The impact of these air quality issues is fairly small, but the results are consistent and apply to millions of students, and particularly low-income students of color. The Chicago study, for instance, showed that being near a coal plant reduced every student’s attendance by nearly a full day each school year, likely because of increased rates of health issues like asthma. One recent federal report found that the most common school facilities problem was faulty heating, ventilation, and air conditioning systems.
“There’s a great amount of research out there [on] outdoor air pollutants and indoor air pollutants,” said Witherspoon. “At the end of the day, they’re both not good.”
Then there’s lead exposure, which has long been shown to be extremely dangerous for children, hurting their IQ and impulse control. Research in Rhode Island has shown that even low levels of lead exposure can cause declines in students’ test scores and increase their likelihood of being suspended.
Lead poisoning can also disrupt the functioning of an entire school or classroom. A recent North Carolina paper found that test scores went down and suspensions went up among students who had more classmates with elevated lead levels.
“Even quite low levels of lead still matter,” Janet Currie, a Princeton University professor who conducted the Rhode Island studies.
A 2018 federal report found that over a third of schools that tested for it found elevated levels of lead in their drinking water. (Many schools didn’t regularly test.)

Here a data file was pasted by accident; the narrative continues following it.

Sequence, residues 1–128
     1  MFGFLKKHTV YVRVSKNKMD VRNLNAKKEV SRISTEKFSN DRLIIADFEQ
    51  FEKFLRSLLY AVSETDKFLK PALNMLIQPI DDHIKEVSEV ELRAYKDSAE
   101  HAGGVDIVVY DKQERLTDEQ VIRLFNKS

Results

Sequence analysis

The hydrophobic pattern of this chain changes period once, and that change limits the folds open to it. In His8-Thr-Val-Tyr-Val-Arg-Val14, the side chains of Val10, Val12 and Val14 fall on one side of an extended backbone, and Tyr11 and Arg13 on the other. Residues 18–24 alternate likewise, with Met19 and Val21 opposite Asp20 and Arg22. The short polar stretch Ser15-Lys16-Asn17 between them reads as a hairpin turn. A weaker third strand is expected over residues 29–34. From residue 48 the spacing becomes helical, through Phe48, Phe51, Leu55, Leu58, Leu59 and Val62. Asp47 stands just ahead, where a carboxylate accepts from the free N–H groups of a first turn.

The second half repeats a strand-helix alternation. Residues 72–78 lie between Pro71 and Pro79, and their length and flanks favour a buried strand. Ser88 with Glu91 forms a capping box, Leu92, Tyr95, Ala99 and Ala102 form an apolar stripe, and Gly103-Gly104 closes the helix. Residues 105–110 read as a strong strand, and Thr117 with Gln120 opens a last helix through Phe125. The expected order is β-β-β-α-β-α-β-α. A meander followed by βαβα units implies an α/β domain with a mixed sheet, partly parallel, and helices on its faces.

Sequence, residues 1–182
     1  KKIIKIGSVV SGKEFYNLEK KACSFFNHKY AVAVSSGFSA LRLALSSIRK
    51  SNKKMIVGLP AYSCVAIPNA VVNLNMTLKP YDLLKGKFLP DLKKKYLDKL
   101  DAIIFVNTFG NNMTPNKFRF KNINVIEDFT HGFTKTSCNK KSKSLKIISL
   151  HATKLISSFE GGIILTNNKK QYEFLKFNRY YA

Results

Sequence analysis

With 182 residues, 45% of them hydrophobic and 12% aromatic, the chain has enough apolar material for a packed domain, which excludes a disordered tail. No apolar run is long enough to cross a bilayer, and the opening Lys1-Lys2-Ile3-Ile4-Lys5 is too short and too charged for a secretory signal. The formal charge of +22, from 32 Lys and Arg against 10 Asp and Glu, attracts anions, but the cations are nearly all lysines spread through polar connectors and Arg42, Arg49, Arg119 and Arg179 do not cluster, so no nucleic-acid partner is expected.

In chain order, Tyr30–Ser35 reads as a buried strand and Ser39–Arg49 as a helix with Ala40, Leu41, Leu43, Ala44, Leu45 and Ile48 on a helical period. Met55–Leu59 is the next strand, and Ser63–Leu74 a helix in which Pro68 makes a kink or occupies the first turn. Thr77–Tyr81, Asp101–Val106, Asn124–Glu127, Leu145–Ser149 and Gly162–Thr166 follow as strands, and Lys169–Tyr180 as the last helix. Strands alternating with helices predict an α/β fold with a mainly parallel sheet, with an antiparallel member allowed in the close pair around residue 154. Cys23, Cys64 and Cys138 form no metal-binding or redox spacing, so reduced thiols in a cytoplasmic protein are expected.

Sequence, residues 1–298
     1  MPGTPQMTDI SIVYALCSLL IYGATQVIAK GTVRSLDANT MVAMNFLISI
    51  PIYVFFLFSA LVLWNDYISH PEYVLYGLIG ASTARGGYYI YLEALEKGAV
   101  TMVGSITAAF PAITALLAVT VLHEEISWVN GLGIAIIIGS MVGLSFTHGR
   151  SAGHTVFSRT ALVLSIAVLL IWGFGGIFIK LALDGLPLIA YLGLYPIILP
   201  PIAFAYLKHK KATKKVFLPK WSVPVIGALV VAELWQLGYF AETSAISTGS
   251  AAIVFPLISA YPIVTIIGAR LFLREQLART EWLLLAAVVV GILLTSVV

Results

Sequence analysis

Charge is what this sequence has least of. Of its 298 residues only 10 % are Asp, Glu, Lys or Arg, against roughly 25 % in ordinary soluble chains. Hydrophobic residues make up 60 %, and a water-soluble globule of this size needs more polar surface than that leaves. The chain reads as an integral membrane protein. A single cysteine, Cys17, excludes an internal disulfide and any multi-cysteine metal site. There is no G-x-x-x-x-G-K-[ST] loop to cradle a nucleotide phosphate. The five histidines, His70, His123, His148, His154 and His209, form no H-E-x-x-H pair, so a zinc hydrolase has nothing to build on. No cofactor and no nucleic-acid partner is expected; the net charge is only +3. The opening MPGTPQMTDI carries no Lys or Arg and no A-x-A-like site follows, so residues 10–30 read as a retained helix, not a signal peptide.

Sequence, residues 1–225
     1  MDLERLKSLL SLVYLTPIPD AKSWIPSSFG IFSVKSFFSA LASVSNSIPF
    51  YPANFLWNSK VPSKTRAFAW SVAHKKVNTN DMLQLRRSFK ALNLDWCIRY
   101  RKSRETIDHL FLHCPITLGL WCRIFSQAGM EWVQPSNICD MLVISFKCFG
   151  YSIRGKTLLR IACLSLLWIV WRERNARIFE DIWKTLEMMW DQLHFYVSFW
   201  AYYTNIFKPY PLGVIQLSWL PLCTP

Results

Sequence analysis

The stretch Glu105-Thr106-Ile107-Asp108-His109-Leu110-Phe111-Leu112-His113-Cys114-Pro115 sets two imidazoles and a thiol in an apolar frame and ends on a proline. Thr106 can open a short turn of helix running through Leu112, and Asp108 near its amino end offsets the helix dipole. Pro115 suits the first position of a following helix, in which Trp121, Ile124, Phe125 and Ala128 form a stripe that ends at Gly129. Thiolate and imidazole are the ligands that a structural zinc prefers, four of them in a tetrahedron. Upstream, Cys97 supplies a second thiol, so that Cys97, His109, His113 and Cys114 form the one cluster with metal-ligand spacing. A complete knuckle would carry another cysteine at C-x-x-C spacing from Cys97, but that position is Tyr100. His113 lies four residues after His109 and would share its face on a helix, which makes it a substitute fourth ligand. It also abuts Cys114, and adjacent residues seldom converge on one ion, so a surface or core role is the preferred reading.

There is also the issue of stiflingly hot classrooms. A national study found that students score worse on the PSAT in the fall if their schools lacked air conditioning and it was particularly hot the year before. Approximately 40% of test takers attended schools without functioning A/C, and the rates were higher among schools serving more low-income students and more students of color.
Another study found New York City students did worse when taking a high-stakes graduation test on a hot day, making them less likely to earn a high school diploma.
“Kids are just going to be really uncomfortable a lot of the time and that’s also been shown to affect their schooling performance,” said Currie. “We expect kids to function in environments that often adults would not put up with.”